Various Artists

Pacific Breeze: Japanese City Pop, AOR & Boogie 1976-1986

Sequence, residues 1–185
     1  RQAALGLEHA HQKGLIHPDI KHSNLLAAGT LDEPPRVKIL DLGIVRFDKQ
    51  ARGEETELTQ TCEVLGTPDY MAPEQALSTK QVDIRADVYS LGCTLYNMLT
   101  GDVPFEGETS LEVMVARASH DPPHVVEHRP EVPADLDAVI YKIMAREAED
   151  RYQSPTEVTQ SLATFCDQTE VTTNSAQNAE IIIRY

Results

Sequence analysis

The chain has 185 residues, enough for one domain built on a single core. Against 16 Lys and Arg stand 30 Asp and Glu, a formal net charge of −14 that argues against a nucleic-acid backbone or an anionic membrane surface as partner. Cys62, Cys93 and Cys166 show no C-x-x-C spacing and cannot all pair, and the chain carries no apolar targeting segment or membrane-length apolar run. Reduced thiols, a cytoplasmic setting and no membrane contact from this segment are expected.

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It would have been impractical in the '70s and '80s to lump and neologize a multitude of Western music developments ranging from slick jazz-funk to R&B-leaning soft rock to egghead new wave, but "city pop" has rather cleverly classified Japan's responses to the forms. Nobody seems to know the origin of the term, but its usage among record nerds has spread during the 2010s with help from sources including the instructive Brazilian musician and collector Ed Motta, the Light Mellow compilation and album reissue series in Japan -- where the compact disc still thrives -- and the Cultures of Soul label's Tokyo Nights: Female J-Pop Boogie Funk, 1981-1988. Going by the similarly lengthy title of this compilation, Light in the Attic is uncertain itself about the stylistic boundaries, yet the label is intrepid enough to take a dive and also sail the margins, licensing a wide variety of material from commercial imprints and subsidiaries such as Alfa, Panam, and Blow Up, plus RCA and Columbia proper. There's some forgettable fluff, but a bunch of selections are more than lifestyle music curiosities. At the high-polish R&B end, there's Taeko Ohnuki's delightfully wispy "Kusuri Wo Takusan," falling somewhere between Earth, Wind & Fire and Seawind. Minako Yoshida's "Midnight Driver" rivals any deep cut from Kool & the Gang's synchronous pop-crossover work with Eumir Deodato. On "Exotic Yokogao," Hitomi Tohyama and company seem indecisive about whether to rewrite Ray Parker, Jr. and Cheryl Lynn's "In the Night" or make a megamix out of the Brothers Johnson's 1980-1981 output. Above all is Hiroshi Sato's "Say Goodbye," a simultaneously peppy and forlorn tune informed most by the technological aspects of 1978-1983 Herbie Hancock sessions such as Sunlight, Lite Me Up, and Future Shock. (The most unfortunately excluded artist associated with city pop is jazz singer Kimiko Kasai, who coincidentally recorded in the States with Hancock and other classification inspirations like Richard Rudolph, but didn't have her recordings distributed in the West.) The members of the innovative Yellow Magic Orchestra rightfully figure prominently in the standouts that are both more pop-oriented and categorically evasive. These include F.O.E.'s trance-state roller "In My Jungle" -- slightly reminiscent of the "Stretch Mix" of Hugh Masekela's "Don't Go Lose It Baby" -- and Yukihiro Takahashi's Roxy-tronic "Drip Dry Eyes," off the perfectly titled Neuromantic. This being a Light in the Attic release, Pacific Breeze is affectionately assembled with liner notes providing an overview and track-by-track details that instigate deeper exploration.

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